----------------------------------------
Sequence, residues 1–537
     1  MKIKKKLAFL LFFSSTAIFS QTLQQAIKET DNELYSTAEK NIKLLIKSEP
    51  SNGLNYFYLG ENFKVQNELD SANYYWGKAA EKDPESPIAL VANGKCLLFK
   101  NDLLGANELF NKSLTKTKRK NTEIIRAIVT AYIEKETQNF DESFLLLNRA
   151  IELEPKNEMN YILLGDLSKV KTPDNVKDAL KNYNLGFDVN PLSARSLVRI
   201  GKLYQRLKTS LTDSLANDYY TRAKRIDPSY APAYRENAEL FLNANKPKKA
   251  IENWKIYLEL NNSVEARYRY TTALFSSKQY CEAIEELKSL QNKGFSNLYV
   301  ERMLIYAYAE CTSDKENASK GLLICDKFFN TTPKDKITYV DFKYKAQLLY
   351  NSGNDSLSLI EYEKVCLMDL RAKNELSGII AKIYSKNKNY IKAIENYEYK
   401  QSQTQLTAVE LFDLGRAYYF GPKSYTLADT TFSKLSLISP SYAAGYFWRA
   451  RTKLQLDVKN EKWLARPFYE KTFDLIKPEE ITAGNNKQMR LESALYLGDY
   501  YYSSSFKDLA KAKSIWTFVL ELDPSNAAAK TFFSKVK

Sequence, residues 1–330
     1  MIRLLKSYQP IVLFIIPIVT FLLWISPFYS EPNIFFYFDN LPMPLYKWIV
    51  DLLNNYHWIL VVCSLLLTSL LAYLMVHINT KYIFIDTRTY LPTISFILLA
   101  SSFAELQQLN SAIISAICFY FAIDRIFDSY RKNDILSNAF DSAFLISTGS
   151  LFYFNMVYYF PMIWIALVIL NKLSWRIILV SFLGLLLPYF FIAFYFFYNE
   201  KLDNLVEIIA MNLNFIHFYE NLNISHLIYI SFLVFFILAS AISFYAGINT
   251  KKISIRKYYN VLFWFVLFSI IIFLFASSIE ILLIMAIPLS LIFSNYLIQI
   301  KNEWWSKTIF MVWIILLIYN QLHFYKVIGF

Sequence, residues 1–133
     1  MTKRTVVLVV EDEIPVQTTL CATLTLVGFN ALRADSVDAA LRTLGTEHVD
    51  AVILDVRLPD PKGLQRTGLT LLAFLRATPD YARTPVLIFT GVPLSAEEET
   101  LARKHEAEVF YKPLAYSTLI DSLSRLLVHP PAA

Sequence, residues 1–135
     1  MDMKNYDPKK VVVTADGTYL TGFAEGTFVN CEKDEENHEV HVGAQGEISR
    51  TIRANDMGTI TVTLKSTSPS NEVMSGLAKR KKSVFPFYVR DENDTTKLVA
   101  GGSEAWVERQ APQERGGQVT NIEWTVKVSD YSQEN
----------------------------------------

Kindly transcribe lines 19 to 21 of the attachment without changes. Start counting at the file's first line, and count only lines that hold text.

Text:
   251  KKISIRKYYN VLFWFVLFSI IIFLFASSIE ILLIMAIPLS LIFSNYLIQI
   301  KNEWWSKTIF MVWIILLIYN QLHFYKVIGF

Sequence, residues 1–133